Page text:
Unfortunately, buying offsets doesn’t wave a magic wand to make all the emissions from a major airline go away. We published a great piece last week illustrating problems with offsets, but the offset market is, in sum, rife with problems—and, in many cases, can enable polluters to release even more emissions into the atmosphere. These issues are a cornerstone of Berrin’s lawsuit, which claims that Delta led consumers into thinking it emitted no CO2 after March 2020, even as it was continuing to do (mostly) business as usual.

Regardless of the outcome of the lawsuit, sustainability claims may change substantially for the industry moving forward. Over the past year, Rutherford told me, airlines have shifted their carbon-reducing strategies away from offsets to focusing more on sustainable aviation fuels—an umbrella term for different types not derived from fossil fuels, including some made with biomass feedstocks. While they have much lower carbon emissions, these fuels tend to be very pricey, costing several times more on average than traditional ones—a nonstarter for an industry that operates on razor-thin margins and tries to squeeze every last penny out of customers.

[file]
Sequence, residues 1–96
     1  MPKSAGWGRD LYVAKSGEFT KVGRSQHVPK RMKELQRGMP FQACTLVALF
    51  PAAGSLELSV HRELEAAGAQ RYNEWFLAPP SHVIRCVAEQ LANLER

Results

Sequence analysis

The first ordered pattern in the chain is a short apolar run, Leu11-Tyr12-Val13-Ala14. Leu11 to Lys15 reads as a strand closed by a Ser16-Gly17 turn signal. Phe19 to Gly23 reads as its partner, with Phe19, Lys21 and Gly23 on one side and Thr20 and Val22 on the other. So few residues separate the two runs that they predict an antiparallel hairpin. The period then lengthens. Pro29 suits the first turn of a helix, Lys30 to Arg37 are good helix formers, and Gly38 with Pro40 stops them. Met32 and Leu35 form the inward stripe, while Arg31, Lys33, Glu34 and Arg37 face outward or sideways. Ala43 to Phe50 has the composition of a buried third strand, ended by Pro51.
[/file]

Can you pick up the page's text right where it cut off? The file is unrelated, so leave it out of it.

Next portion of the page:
As part of its massive package of climate investments, the Inflation Reduction Act added an additional tax credit on sustainable aviation fuels that, Rutherford said, airlines can stack on top of other existing incentives to get a steep discount.

“We’re throwing a lot of money … very randomly at fuels,” he said. “And we’re throwing a lot of money at some technologies that have already matured and we don’t expect the cost to come down much more. Which is not great public policy.”